However, the Liriano/Prior/Wood problem, as we've seen last year with the '07 Yankees, is something that is usually fresh on Joe Torre's mind. Hughes, Kennedy, and Chamberlain were all kept on a strict innings limit and, in 2008, the Dodgers have announced that they do not want Kershaw throwing more that 25 innings a month. Torre has shown in seasons past that the front offices' wish is his command when it comes to decisions such as this one.

Does your team really need a guy who, at most will be throwing 5-6 innings a start. Remember how frustrating Felix Hernandez was two years ago when Seattle placed the same inning limitations on him? Combine these inning limitations with the fact that Kershaw is a strikeout pitcher and his fantasy owners will be lucky if he makes it out of the 4th inning for each start.
It's a shame that this is the situation, but if I were the Dodgers, I'd look to the way in which the Brewers managed Yovanni Gallardo and deal with Kershaw in this same way. For me, I passed on Kershaw for this year and picked up his compete antithesis: Jake Westbrook, and innings-eater.


Mike Plugh said...

You know I love the young guys and I had my eye on Kershaw from day one. I snatched him up as soon as I saw him on his way up.

It makes no difference to me that he'll only go 5-6 tops. It's the quality of those 5-6 that matters. For a team in need of back end pitching, like my keeper team, he fits perfectly. He will boost your numbers with each great outing, but his bad outing ought to be short enough that he won't kill you either.

My prediction for Kershaw is about what Jered Weaver did 2 years ago, which ain't bad at all...

bfadds said...

But Jered Weaver was tossing nearly 7 IP a start... and I would say that Kershaw is more of a K-artist than Weaver, meaning his pitch counts are going to be through the roof (for Joe Torre, at least by the 4th and 5th).

I'm telling you, Mike, he's going to be another frustrating version of 2007's Phil Hughes, and I think he'll cause you more heartache than happiness this year.

On a side, are you totally against my Jake Westbrook pick-up over Kershaw?

Mike Plugh said...

Don't sell 5 innings and 6-7 Ks short. It depends on the type of league you're in, but those leagues with innings limits are good places for Kershaw. He's a good gamble, but he's still a gamble. He could have a low inning, high upside profile that acts almost like a heavily worked quality reliever.

His real upside is Weaver though. If he can put together a 5 inning start here and a 7 inning start there and strike out a ton of batter with a low WHIP, he's a steal.

Mike Plugh said...

The Westbrook thing is okay. I haven't been a Westbrook fan over the years though. I think he used to be a Yankee farmhand, but I could be wrong. I think he's a decent real-life 4th starter, but I would almost rather have a better reliever in fantasy than a good 4th starter. If he's the best available and you need a starter eligible guy in the worst way, he's always a fair choice.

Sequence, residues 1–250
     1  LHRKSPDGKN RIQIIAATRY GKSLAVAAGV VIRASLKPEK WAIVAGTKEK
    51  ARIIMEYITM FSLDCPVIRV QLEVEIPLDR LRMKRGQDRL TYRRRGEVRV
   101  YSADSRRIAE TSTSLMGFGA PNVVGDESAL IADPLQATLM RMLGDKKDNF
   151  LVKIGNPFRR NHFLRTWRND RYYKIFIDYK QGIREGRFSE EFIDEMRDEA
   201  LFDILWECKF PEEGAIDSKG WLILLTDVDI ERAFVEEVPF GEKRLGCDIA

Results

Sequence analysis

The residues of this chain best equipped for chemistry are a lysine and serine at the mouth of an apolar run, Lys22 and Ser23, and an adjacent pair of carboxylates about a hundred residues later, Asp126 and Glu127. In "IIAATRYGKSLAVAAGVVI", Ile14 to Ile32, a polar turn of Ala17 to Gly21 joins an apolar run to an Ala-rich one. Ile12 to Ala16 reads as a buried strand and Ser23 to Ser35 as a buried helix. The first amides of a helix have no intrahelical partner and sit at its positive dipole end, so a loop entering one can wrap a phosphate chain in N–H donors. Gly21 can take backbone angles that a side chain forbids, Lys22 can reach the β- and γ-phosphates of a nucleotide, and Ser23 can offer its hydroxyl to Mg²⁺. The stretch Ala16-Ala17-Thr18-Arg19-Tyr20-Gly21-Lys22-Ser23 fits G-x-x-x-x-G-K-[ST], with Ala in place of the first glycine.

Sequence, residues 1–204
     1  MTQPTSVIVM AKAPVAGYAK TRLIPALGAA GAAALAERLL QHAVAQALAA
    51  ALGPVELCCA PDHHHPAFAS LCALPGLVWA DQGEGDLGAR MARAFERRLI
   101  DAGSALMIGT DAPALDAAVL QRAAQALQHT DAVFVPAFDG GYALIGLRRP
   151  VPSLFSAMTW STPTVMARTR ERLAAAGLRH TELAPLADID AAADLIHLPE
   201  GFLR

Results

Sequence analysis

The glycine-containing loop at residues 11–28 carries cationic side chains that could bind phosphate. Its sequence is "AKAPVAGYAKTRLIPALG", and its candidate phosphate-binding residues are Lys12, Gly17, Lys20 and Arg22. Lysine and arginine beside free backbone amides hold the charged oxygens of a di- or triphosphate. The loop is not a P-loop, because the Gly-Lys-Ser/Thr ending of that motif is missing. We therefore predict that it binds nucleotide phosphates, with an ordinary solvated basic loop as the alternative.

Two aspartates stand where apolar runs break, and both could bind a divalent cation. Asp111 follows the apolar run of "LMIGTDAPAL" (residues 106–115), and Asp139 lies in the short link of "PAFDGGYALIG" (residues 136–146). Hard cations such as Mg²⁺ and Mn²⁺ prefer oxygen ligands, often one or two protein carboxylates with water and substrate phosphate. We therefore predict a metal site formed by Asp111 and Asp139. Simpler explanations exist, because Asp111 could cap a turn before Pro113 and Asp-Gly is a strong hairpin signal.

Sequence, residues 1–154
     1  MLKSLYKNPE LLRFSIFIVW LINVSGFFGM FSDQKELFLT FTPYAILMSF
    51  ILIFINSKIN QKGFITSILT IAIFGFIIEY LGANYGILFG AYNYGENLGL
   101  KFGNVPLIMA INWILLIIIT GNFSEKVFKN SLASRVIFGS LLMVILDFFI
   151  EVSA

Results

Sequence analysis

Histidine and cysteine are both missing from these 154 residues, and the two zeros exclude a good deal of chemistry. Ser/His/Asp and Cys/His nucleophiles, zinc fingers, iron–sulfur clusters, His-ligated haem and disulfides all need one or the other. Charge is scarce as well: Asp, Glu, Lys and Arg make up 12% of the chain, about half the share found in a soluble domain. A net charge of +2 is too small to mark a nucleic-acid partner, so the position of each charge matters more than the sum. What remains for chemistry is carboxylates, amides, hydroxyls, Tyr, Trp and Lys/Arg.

bfadds said...

You are correct about the Westbrook Yankee farm hand thing. He was the "player to be named later" in the Hideki Irabu-Ted Lilly deal... as well as the "player to be named later" in the Ricky Ledee-David Justice deal.

Mike Plugh said...

Well, not too bad for a 1st go around the Majors. The Roto take on hs outing:

"Kershaw allowed two runs on five hits over six innings in his major league debut, walking one and striking out seven.

Spin: Kershaw was in line for the win before the Dodger bullpen blew it for him. It was truly an impressive performance - 94-97 mph fastball and a true 12-6 curve. One of the two runs clearly should have been unearned (Blake DeWitt high throw to home) and you could make an argument that a better left fielder than Juan Pierre could have prevented the second run, but regardless, it was fun to watch. He's now available in Yahoo leagues so use that #1 waiver priority if you've got it."

It took him 103 pitches to get through 6, which is 17.2 pitches/inning. Too many, but the 7 Ks got him an initial 10.50 K/9 and only one walk is stellar. If he walks another batter or two in his next few outings, he may only make it through 5. I'll take this kind of pitching any day of the week though.

bfadds said...

Oh, who wouldn't? I guess I'm just skeptical about youth... which you know. I think I am going to continue to maintain that as good as Kershaw looked tonight, he's going to be more of a frustrating starter than a reliable one.

I think that you'd be lucky to say that the Dodgers' bullpen is the reason that he doesn't win any of his subsequent outings.